NASA's Lucy Mission Snaps First Photos Of A Mystifying Trojan Asteroid Swarm

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NASA's Lucy mission captured its first images of Trojan asteroids in late March. The four Jupiter Trojan asteroids the spacecraft viewed were Eurybates, Polymele, Leucus, and Orus.

Most of Lucy's target asteroids, called "Trojans" after characters from Greek mythology, are left over from the solar system's formation. The asteroids circle the Sun in two swarms: one that comes before and one that follows Jupiter in its orbit of the Sun. According to NASA, the spacecraft will be the first to visit the Trojans and examine so many independent solar system targets.

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Lucy is still more than 330 million miles (530 million kilometers) away from some of the asteroids. Despite the vast distance and relatively small size of these asteroids, the spacecraft was still able to view the four shown above. While all four images are all at the same scale, NASA explains the orientation of each is different, "reflecting the different orientations of the L'LORRI camera as it turned to capture each target."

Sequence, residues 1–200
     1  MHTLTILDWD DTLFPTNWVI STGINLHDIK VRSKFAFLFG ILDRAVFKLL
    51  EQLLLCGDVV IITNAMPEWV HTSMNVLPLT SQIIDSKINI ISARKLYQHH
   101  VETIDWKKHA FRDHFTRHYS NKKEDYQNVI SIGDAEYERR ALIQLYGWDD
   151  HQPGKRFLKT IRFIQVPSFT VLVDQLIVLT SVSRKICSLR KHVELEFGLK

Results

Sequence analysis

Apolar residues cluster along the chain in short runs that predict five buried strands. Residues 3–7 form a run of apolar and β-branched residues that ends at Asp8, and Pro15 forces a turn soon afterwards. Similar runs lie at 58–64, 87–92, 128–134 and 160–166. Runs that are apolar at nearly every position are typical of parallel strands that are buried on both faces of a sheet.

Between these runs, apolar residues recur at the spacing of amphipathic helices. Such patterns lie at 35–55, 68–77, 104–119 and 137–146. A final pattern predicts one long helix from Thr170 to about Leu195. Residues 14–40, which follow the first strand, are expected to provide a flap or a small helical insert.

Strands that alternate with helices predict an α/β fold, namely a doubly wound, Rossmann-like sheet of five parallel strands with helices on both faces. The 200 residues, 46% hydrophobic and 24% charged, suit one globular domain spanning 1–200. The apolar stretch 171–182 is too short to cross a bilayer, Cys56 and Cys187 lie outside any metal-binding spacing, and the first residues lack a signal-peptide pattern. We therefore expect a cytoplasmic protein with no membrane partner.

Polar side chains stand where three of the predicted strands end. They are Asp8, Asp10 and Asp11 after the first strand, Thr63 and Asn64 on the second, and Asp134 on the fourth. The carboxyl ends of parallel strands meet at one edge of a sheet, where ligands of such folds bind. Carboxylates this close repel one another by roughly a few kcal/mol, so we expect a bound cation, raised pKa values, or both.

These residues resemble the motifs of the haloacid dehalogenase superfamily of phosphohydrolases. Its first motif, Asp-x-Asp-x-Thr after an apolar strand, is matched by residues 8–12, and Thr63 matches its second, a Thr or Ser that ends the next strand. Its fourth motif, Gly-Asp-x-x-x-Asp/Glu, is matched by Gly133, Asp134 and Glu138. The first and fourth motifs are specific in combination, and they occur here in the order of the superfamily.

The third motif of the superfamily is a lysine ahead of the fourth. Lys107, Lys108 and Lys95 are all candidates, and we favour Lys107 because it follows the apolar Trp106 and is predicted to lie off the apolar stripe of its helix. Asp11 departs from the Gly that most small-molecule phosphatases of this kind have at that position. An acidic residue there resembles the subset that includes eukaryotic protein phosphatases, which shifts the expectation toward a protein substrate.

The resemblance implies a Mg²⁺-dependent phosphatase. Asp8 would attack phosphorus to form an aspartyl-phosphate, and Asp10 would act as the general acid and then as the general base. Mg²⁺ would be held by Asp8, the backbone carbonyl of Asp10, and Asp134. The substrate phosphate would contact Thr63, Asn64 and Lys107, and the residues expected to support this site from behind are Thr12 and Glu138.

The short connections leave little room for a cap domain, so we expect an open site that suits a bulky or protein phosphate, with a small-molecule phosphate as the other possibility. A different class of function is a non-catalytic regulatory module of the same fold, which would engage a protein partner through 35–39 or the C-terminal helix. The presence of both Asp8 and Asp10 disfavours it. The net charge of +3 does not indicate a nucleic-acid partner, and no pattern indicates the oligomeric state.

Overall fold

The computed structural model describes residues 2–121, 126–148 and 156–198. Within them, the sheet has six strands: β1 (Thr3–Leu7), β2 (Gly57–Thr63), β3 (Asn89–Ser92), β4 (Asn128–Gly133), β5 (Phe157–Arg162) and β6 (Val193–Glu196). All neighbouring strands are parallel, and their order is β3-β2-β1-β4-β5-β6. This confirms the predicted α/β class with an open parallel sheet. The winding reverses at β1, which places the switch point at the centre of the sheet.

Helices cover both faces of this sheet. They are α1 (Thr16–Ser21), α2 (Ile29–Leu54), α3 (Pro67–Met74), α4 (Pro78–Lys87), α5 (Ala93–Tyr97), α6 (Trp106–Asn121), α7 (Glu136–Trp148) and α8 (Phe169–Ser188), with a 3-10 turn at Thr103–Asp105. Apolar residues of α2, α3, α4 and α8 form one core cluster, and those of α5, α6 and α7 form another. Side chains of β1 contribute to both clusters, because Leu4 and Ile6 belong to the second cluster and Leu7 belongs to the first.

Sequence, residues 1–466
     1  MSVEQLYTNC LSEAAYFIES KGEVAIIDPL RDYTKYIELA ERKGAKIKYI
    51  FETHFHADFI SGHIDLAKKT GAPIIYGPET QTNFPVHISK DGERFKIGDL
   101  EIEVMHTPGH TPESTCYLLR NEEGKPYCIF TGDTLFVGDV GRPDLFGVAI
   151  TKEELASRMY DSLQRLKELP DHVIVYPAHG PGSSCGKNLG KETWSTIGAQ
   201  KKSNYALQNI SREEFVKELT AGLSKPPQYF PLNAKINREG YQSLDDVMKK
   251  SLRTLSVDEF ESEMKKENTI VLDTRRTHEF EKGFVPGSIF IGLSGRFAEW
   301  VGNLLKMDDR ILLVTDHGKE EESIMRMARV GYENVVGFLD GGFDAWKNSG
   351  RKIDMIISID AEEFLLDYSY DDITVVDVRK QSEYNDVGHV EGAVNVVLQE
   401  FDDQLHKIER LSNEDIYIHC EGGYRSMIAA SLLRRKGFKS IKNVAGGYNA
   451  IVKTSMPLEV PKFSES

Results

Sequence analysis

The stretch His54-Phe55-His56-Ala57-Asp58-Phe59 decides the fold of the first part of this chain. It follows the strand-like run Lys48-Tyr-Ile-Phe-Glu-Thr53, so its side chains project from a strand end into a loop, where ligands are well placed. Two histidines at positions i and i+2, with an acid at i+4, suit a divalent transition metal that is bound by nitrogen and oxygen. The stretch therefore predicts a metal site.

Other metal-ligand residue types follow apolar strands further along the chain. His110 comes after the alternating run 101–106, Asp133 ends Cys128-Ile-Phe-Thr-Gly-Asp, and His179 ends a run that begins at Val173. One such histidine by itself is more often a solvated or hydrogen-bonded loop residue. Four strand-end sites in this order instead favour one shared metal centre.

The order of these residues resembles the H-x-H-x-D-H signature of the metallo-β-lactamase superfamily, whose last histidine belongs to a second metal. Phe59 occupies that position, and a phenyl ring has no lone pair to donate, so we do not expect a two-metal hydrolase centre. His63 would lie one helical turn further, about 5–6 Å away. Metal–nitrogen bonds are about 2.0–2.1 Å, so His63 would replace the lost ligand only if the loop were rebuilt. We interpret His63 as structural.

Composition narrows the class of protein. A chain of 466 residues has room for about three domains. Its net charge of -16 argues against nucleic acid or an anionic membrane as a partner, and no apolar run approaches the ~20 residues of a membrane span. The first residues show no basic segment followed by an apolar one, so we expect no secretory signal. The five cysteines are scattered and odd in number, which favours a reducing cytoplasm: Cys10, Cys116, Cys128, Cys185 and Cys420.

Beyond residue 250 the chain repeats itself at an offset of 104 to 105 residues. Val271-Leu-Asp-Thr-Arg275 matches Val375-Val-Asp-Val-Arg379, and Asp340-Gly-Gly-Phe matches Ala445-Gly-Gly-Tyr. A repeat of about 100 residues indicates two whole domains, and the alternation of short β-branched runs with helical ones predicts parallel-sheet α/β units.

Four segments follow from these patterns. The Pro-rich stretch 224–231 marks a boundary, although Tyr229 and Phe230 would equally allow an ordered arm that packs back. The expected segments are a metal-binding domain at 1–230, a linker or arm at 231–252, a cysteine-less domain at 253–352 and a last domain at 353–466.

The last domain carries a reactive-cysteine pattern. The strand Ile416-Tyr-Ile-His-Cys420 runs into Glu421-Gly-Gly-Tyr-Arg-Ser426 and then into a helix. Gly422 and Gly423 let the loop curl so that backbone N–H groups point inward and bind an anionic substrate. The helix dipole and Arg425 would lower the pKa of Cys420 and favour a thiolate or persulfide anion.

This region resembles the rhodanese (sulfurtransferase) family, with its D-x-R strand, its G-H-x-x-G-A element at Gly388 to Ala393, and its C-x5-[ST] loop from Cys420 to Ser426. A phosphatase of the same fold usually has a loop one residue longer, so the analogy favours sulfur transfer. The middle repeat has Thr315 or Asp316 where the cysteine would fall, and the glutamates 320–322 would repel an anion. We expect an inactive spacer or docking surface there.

Each target was also observed for different periods of time-based on their rotation periods:
  • Eurybates: 6.5 hours
  • Polymele: about 2.5 hours
  • Leucus: 2 hours
  • Orus: 10 hours

The images shared by NASA are the first in a series of planned observations. The observations aim to measure how the Trojan asteroids reflect light at higher angles than observable from here on Earth. The data will help the team choose future exposure times for Lucy's close-up observations.

The spacecraft is scheduled to fly by the asteroids in 2027 and 2028. Currently, Lucy is only just over a year into its 12-year voyage that will include observations of nine of Jupiter's Trojans.

"When we look back on the solar system and our place here on Earth, people often ask, 'What is our history? How did we get here?'" Cathy Olkin, Lucy's deputy principal investigator remarked. "Lucy is going to try to help answer some of these questions."